Yes and no. Most standard facelifts do not affect the nasolabial fold or marionette lines. Some special techniques and a particular type of facelift known as a mid-facelift can improve these areas. Usually, these areas respond best to soft tissue augmentation.
Most facelifts involve common principles of repositioning deeper structures, removing excess fat, and excising loose skin. Many can be performed under local anesthesia while the patient is awake. The face is infiltrated with an anesthetic solution which numbs the face and reduces bleeding allowing for more precise dissection. Incisions are made under the chin and around the ear followed by dissecting the skin away from the deeper structures. The SMAS is then plicated (sutured up) to reposition the jowls and cheek tissue. The skin is then carefully removed and sutured back in place. Excess fat is removed from the neck, followed by tightening of the neck muscles (platysma). All sutures are removed in 5-7 days and recovery takes 1-2 weeks. Pain is minimal.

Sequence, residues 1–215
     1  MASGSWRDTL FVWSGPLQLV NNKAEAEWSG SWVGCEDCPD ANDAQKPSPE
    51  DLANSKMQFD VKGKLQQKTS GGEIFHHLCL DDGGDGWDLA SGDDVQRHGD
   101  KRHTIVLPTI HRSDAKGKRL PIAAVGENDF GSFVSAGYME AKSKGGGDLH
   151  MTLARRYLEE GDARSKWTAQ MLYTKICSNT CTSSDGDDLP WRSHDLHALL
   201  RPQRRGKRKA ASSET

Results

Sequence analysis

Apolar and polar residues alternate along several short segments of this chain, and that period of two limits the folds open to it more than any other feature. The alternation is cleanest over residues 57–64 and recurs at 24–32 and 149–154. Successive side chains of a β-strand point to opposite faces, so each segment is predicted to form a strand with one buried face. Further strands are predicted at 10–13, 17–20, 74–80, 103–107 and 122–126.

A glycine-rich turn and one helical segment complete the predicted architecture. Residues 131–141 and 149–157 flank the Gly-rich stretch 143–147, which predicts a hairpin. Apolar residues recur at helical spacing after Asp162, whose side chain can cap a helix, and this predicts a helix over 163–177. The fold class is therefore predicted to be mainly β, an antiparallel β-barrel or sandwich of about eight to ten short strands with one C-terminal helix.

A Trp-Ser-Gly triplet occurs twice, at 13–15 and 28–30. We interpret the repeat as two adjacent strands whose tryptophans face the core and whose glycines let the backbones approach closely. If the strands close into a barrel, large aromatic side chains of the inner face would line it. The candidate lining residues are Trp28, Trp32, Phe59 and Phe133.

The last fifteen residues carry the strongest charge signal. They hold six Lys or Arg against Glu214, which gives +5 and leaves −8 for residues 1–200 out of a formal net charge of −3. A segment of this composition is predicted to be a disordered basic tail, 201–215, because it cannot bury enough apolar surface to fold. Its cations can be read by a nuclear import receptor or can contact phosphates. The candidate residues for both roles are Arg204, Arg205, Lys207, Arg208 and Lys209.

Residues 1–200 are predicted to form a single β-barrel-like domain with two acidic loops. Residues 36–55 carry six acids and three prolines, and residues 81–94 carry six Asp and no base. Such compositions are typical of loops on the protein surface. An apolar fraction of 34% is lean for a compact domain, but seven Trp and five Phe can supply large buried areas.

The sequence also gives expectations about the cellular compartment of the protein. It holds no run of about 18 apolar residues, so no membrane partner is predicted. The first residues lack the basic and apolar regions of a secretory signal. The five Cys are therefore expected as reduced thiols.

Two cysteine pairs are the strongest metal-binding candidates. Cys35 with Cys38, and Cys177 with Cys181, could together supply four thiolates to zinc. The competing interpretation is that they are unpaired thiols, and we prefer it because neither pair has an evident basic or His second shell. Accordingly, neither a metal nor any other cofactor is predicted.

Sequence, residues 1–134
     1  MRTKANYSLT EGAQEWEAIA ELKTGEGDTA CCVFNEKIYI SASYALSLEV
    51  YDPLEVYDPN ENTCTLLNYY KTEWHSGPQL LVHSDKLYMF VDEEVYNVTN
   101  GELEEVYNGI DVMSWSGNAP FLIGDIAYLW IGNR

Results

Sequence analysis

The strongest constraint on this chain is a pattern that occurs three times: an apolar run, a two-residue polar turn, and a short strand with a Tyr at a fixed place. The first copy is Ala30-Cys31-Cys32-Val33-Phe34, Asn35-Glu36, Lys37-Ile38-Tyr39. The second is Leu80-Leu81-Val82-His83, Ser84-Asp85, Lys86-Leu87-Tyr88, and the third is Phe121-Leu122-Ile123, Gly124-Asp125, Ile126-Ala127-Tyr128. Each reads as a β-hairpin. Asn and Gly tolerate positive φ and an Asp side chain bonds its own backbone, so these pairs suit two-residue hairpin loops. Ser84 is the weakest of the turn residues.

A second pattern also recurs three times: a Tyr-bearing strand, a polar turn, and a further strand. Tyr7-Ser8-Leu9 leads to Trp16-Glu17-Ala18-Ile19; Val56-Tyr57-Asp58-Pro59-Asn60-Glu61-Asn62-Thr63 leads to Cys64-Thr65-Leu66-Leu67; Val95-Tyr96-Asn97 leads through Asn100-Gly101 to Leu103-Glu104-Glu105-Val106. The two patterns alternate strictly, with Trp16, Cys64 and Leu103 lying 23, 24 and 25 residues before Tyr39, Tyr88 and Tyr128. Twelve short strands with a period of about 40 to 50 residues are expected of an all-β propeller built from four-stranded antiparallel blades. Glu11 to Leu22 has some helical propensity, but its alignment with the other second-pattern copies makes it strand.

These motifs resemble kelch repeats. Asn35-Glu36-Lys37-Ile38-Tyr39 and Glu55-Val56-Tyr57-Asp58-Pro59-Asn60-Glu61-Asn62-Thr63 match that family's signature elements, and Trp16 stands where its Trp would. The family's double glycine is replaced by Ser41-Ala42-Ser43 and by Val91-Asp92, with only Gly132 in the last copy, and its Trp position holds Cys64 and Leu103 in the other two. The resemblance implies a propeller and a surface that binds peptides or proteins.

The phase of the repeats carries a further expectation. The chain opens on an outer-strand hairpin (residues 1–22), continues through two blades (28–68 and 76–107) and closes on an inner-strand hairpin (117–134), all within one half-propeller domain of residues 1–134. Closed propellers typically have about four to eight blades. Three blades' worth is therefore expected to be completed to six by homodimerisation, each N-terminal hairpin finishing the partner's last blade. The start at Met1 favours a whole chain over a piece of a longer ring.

Complications can include bleeding, infection, seroma, tissue loss, and nerve damage. Other tell-tale signs of a facelift that should be avoided include pulling of the external auditory canal, a pixie ear, disappearing sideburn, abnormal vectoring, and abnormal scarring.